Days after two senior executives of Twitter quit, the social media platform’s Chief Executive Officer Parag Agrawal on Saturday said that even though he expected Elon Musk’s takeover of the firm to go through, the company needed to be prepared for all scenarios.

Twitter has seen rapid developments since Musk, the world’s richest man, announced a $44 billion (over Rs 3,36,910 crore) deal last month to buy the company.

On Thursday, Twitter said that a general manager in charge of research, design and engineering, Kayvon Beykpour, and head of products Bruce Falck would leave the company, AFP reported. Beykpour said that Agrawal asked him to leave, saying that he wanted to “take the team in a different direction”.

On Friday, Musk said that his acquisition of Twitter was on hold “pending details supporting calculation that spam/fake accounts do indeed represent less than 5% of users”.

In a Twitter thread on Saturday, Agrawal wrote that he had been asked why a “lame duck” CEO would make changes to the leadership when Twitter was getting acquired anyway.

“While I expect the deal to close, we need to be prepared for all scenarios and always do what’s right for Twitter,” he wrote.

The Twitter CEO said that he was accountable for leading and operating the company.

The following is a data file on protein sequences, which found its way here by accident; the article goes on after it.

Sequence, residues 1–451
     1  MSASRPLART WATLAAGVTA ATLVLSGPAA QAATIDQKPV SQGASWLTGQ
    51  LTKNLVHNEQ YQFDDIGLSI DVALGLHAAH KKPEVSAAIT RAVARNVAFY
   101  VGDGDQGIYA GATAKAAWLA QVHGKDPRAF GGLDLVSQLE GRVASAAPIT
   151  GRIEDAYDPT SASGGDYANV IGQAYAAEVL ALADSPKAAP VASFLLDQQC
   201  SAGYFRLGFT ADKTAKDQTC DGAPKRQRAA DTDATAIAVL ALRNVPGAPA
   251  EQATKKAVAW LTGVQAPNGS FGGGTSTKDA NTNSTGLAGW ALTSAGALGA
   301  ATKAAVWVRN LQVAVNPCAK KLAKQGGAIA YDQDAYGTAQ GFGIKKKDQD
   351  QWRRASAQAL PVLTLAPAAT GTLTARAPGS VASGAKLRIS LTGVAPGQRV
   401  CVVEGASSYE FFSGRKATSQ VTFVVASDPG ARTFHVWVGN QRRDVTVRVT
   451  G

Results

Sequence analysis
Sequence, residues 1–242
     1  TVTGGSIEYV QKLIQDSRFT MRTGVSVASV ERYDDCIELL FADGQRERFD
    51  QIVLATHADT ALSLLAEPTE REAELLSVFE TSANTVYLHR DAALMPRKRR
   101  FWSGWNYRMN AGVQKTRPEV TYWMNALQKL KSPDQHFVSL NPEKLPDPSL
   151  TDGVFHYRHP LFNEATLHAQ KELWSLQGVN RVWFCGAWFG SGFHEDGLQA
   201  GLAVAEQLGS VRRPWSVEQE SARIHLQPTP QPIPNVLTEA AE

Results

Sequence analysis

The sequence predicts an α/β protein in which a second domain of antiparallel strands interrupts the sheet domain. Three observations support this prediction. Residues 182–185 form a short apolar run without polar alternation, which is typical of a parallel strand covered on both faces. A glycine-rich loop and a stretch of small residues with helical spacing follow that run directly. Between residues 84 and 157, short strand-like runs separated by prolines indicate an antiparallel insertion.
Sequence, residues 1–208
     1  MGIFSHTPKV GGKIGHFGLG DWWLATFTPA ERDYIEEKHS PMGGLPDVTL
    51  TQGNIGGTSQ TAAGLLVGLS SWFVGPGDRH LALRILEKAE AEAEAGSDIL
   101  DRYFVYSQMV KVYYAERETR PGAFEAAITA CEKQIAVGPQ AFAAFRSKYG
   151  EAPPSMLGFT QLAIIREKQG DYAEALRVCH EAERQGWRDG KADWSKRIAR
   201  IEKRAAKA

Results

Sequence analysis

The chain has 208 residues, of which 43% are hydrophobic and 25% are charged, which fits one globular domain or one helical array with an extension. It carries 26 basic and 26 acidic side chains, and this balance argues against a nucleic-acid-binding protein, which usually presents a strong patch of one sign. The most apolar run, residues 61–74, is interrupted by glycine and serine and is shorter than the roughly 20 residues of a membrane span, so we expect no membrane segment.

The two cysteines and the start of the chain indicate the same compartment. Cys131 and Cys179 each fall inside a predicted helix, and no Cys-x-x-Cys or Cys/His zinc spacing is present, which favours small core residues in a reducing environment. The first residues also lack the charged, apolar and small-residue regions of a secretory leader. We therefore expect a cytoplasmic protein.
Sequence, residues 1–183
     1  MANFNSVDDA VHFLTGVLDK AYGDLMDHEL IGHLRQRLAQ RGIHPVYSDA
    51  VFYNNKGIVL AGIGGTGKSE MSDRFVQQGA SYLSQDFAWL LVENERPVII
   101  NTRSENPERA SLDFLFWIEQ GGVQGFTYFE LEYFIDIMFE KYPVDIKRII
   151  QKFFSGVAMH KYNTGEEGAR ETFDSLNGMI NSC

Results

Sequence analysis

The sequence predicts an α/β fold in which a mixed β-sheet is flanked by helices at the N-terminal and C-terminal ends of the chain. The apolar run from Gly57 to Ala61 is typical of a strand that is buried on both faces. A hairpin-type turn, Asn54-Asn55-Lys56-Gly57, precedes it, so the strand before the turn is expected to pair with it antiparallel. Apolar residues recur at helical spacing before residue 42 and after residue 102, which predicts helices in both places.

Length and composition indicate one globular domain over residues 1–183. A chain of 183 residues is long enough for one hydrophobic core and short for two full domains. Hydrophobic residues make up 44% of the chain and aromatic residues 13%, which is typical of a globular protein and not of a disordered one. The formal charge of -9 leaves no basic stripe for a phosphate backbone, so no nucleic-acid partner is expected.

“No one at Twitter is working just to keep the lights on,” he said. “We take pride in our work. Regardless of the company’s future ownership, we’re here improving Twitter as a product and business for customers, partners, shareholders, and all of you.”

Agrawal said that he would not use the deal as an excuse to avoid taking important decisions.

On April 26, the microblogging platform had said in a regulatory filing that Musk will buy Twitter. The company said that the deal had been unanimously approved by its board of directors and is expected to close in 2022, pending regulatory clearance and the approval of shareholders.

On completion of the transaction between Musk and Twitter, the social media firm will become a privately held company. This means that the company would no longer be listed or traded on a public stock exchange. Twitter also will not have to report financial information to the market regulator Security and Exchange Commission or follow many of its rules.